The Ring parents guide

The Ring Parent Guide

Overall C+

Be careful what you watch! After popping a video tape into her VCR player, Katie (Amber Tamblyn) receives a a mysterious phone call telling her she has only seven days to live. A week later her Aunt (Naomi Watts) is asked to investigate the young girl's sudden death.

Release date October 1, 2002

Violence C
Sexual Content B+
Profanity C-
Substance Use A-

Why is The Ring rated PG-13? The MPAA rated The Ring PG-13 for thematic elements, disturbing images, language and some drug references.

Run Time: 115 minutes

Official Movie Site

Parent Movie Review

You won’t want to be dawdling at the concession stand because The Ring is quick to turn off the lights and introduce its terror.

We recognize the first sure sign of trouble: two attractive teen girls in short skirts are left alone in a rambling house. Katie (Amber Tamblyn) tells Becca (Rachael Bella) about a videocassette she watched a week earlier. After viewing it, her phone rang with a message announcing she had only seven days to live. Sure enough, the creepy scene concludes with Katie literally frightened to death (we see her grotesquely disfigured face), while Becca is left insane.

Cut to Rachel Keller (Naomi Watts), a journalist at the Seattle-Post Intelligencer, and Katie’s aunt. When her sister asks the investigative reporter to look into the mysterious death of her daughter, Rachel decides to watch the tape herself. After the viewing, the call comes. Still wondering if she’s the victim of a harmless urban myth, she tries one other test: Watchers of the video have their faces distorted in photographs. A self-portrait confirms that Rachel is marked by the tape’s spell.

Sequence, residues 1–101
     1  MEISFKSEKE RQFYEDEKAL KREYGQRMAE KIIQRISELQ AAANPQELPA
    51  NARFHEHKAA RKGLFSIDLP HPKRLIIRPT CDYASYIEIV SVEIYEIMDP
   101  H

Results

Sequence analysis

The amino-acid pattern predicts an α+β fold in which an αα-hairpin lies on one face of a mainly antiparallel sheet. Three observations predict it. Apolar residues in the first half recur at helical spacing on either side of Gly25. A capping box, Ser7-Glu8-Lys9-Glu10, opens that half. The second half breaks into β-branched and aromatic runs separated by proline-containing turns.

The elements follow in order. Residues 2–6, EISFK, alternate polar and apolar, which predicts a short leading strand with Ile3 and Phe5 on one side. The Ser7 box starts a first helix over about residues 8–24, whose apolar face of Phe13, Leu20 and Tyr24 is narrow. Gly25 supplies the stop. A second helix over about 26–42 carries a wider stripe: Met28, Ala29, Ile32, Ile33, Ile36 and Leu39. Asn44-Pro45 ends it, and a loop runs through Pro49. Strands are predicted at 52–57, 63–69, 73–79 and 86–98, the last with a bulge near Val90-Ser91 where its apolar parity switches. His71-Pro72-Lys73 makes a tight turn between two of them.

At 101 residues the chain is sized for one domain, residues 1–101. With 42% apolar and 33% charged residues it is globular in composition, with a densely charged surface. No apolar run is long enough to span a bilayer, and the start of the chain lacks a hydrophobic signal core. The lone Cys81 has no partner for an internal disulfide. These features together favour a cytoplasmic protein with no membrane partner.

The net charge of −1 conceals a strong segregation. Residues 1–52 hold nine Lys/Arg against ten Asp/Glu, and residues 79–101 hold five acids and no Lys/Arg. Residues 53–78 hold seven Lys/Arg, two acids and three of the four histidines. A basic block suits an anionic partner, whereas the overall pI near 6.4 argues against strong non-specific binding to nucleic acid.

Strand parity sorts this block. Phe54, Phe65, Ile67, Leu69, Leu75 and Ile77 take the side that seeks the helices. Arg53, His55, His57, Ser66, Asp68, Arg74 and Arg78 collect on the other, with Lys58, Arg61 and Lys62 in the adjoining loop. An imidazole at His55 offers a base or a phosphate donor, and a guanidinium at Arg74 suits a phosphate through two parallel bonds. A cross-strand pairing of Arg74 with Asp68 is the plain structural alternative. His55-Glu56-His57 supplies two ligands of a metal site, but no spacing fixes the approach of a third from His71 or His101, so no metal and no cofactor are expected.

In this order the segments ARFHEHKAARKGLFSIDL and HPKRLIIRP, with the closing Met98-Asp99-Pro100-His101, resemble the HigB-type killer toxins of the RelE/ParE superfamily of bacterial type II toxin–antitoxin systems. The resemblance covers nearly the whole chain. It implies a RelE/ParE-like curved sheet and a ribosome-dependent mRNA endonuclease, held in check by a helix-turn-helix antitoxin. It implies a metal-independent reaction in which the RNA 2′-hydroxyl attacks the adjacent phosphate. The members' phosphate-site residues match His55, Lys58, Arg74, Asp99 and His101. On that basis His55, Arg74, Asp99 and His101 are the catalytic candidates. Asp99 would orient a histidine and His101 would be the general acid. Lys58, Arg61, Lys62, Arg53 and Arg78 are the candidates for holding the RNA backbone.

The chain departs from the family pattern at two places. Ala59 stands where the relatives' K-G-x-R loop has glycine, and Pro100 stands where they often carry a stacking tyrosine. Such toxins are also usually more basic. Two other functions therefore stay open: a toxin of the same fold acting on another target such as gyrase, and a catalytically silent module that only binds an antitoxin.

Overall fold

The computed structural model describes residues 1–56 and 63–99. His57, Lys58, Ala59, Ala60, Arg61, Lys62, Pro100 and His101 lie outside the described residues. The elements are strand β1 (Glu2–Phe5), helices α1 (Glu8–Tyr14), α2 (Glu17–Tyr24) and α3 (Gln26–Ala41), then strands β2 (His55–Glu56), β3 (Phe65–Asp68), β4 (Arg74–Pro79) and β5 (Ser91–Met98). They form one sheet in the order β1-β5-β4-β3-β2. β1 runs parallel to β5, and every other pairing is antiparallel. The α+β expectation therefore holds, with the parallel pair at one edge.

Desperate to find answers before her time expires, Rachel enlists the help of her video-techie friend Aidan (David Dorfman), but knows he and her son Noah (Martin Henderson) both risk becoming part of The Ring.

There is no scarcity of scare-factor in this film, which transforms mundane things like TV static into heart-pounding cues. Confining camera angles, muted color palettes, and a few items from the traditional thriller toolbox are precisely blended to make the images and sounds more memorable than the few plot holes and unanswered questions. Yet those very images, which include a suicidal bathtub electrocution and a woman jumping from a cliff, also have the potential to fuel nightmares in young audiences for weeks to come.

Certainly capable of maintaining a tight grip on your popcorn bucket, The Ring’s sparse profanities (including one sexual expletive) and near lack of sexual content may make this a choice for older teens and adults looking for a gloomy ghost story, but falls short of ringing our approval for family entertainment.

Directed by Gore Verbinski. Starring Naomi Watts, Martin Henderson, Brian Cox. Running time: 115 minutes. Theatrical release October 1, 2002. Updated

The Ring Parents' Guide

In this movie, “everyday” things become frightening - like static on a television. How does transforming the ordinary into disturbing make horror films more effective?

Death is the central topic in many horror movies - yet they seldom include any conventional spiritual or religious perspectives. Why?

Home Video

The most recent home video release of The Ring movie is September 10, 2002. Here are some details…

The Ring releases to home video on September 11, 2002. There are no special features included.

Related home video titles:

Movies will often play homage to other films. If you have seen Alfred Hitchcock’s Rear Window you will recognize the sequence where Rachel waits on her apartment balcony, peering into the windows of her neighbors. (The filmmakers even included a man in a wheelchair with a broken leg!) For other scary flics, check out The Others and The Sixth Sense.